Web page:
CUDA GPU Acceleration

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qfp64
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Joined: Sun 28 Aug 2022, 12:27

CUDA GPU Acceleration

Post by qfp64 » Sun 28 Aug 2022, 12:44

There's been discussion on the forum before about adding GPU acceleration to openEMS (http://openems.de/forum/viewtopic.php?t=185), but as far as I know, nobody has tried doing it yet. The main objection to attempting this was supposedly that the limitation was memory bandwidth, not processing power.

On my PC with an overclocked Ryzen 9 5950X with dual channel 3600MHz DDR4 RAM, I ran a memory benchmark and got between 15-20GB/s. In the same system I have an RTX 3070 GPU that has a quoted 448GB/s memory bandwidth, over 20x (!) more than the CPU, not including cache, which both processors have.

The fastest I could get openEMS to run on this CPU was with 8 threads (out of 32), maxing out at only 16% CPU usage, clearly memory bandwidth-bound.

I have a little bit of experience messing with CUDA, so I spent a day working on a new CUDA-based engine: https://github.com/aWZHY0yQH81uOYvH/openEMS-CUDA

It uses "managed" memory, which makes life a lot easier in interfacing with the rest of the non-GPU code (the GPU driver will copy back and forth over PCIe seamlessly based on access to the same pointers). So far, I've only ported the field propagation routines (no extensions), and it's very inefficient with GPU utilization, with a huge amount of overhead from kernel launches and other stuff. The code on that repo is literally the first thing that worked.

To compare to the CPU, I commented out everything but the main field updates in the multithreaded CPU engine so both engines would do the same work. With my test file with 132k grid cells, the CPU was running at ~2300MC/s and the GPU was running at ~1400MC/s. Not great, but I also observed the following:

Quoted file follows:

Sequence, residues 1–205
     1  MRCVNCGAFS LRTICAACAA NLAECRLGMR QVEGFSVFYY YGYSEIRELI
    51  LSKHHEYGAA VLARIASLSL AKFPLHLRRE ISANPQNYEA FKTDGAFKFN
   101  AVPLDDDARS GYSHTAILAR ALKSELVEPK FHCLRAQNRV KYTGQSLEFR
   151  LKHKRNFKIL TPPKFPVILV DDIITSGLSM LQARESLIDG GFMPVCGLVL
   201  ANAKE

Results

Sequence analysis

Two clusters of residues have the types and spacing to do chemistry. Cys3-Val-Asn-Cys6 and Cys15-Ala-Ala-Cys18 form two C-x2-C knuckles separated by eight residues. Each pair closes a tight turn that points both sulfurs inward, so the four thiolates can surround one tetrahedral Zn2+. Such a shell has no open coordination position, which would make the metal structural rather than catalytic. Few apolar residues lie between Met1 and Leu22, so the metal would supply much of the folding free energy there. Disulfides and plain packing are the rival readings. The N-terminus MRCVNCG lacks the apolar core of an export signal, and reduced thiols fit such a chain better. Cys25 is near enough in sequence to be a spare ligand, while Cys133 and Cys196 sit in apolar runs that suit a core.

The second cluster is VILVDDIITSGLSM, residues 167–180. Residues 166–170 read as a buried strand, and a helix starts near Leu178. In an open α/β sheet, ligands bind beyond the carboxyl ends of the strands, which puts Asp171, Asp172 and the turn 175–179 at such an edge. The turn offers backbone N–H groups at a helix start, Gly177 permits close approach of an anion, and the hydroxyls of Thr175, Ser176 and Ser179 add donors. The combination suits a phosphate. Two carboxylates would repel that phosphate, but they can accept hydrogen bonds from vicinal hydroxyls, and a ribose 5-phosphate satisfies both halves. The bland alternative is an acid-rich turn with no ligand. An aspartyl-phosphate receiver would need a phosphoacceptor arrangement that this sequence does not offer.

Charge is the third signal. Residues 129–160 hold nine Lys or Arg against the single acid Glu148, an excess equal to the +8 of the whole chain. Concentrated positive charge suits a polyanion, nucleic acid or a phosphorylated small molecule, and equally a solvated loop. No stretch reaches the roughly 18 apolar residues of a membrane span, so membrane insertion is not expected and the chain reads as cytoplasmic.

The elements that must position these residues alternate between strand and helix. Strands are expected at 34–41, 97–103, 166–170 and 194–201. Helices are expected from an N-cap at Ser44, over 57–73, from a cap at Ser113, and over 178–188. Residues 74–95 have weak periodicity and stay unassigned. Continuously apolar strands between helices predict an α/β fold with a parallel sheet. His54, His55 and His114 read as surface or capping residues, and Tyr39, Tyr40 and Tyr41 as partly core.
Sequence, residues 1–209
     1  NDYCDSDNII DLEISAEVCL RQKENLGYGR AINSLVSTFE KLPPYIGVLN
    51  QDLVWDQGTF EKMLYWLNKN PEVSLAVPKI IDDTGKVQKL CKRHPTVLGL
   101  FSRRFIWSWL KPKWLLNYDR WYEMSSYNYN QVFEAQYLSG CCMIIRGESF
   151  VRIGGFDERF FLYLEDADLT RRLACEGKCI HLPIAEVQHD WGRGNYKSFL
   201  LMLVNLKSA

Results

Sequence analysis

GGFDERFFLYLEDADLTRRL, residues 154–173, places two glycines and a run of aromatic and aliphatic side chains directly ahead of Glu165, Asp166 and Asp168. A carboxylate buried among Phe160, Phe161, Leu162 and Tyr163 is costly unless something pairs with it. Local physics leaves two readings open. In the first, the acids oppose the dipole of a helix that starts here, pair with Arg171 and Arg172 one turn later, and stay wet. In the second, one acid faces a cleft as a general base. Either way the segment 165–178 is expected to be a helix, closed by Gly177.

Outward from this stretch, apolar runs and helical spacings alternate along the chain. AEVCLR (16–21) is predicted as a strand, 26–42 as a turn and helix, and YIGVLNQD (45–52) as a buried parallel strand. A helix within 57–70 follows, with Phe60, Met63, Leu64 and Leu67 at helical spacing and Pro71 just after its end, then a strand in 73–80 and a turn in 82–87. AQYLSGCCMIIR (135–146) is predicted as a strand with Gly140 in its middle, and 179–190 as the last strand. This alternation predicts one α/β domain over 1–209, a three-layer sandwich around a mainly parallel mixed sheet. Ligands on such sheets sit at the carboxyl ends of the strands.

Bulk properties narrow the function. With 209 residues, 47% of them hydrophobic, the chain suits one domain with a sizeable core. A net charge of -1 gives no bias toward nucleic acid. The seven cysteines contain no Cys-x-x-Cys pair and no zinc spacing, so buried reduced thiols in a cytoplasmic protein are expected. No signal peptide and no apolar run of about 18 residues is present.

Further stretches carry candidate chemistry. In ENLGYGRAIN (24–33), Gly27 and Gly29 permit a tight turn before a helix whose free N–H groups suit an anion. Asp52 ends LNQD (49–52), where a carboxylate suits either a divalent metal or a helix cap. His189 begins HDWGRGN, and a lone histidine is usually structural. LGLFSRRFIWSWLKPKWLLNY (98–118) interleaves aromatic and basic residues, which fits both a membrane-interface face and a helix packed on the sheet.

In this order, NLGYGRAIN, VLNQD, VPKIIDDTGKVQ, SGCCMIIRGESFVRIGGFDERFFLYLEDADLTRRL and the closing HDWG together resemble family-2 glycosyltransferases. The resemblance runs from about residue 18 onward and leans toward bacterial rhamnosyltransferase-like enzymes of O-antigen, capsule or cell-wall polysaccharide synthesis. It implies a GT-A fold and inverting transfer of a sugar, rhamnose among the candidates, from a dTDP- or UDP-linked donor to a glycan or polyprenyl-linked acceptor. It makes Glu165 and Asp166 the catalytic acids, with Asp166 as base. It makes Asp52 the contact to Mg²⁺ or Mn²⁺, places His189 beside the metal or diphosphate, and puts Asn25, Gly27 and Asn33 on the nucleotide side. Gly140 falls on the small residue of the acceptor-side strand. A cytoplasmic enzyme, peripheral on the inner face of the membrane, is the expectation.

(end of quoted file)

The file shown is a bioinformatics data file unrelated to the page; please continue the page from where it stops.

• One CPU core and all the GPU cores were pinned at 100%, presumably because it was launching two kernels per grid cell per iteration, creating and destroying billions of kernels per second.
  • NVIDIA Night said reads were occupying 43% of the GPU memory bus and writes were occupying 12%. I assume the reads are so much higher because of huge numbers of cache misses due to the threads being spread across thousands of GPU cores.
It should be possible to improve the cache hits and kernel launch overhead by running multiple grid cells per thread to keep relevant data on the same core's cache. By synchronizing all the running threads between voltage and current updates on the GPU (I believe there are facilities to do this), it may be possible to run large numbers of time steps with absolutely no CPU intervention (only one kernel launch at the start). In another project these kinds of optimizations got 5x improvements in performance relative to the naïve implementation, possibly even more if the data can remain in the CUDA core caches. There is certainly more memory bandwidth to be utilized. I think this is promising, but please tell me if I'm overlooking something.

I'm going to be resuming my undergrad studies soon, so I won't have a lot of time to continue work on this at the moment. I wanted to share my findings so far so others can play with it, or tell me I'm wasting my time because I don't know what I'm doing. :)

thorsten
Posts: 1528
Joined: Mon 27 Jun 2011, 12:26

Re: CUDA GPU Acceleration

Post by thorsten » Mon 29 Aug 2022, 20:14

The numbers you need to compare are not the RAM speeds but the L1-L3 Cache (and size) of a CPU.
A GPU simply does not have the same amount of central cache as a CPU.

The fastest FDTD to my knowledge on a GPU (Tesla P100) is <4.5GC/s (see here)

But that pales in comparison to the 10+GC/s possible on a Ryzen 9 3950X or the 50+GC/s on a Dual Epyc CPU (see here). In that chart the P100 (curve from the pdf above) is the slowest of all testes architectures :D

regards
Thorsten

thorsten
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Joined: Mon 27 Jun 2011, 12:26

Re: CUDA GPU Acceleration

Post by thorsten » Mon 29 Aug 2022, 20:18

But to make it clear, if you are able to speedup openEMS using CUDA, I'm sure many people would be very happy to give it a try...
That said, keep at it. Would be very cool to see...

Coto
Posts: 11
Joined: Mon 28 Feb 2022, 02:26

Re: CUDA GPU Acceleration

Post by Coto » Wed 31 Aug 2022, 19:44

I have a little bit of experience messing with CUDA, so I spent a day working on a new CUDA-based engine
Super exciting efforts, please keep us updated!
In that chart the P100 (curve from the pdf above) is the slowest of all testes architecture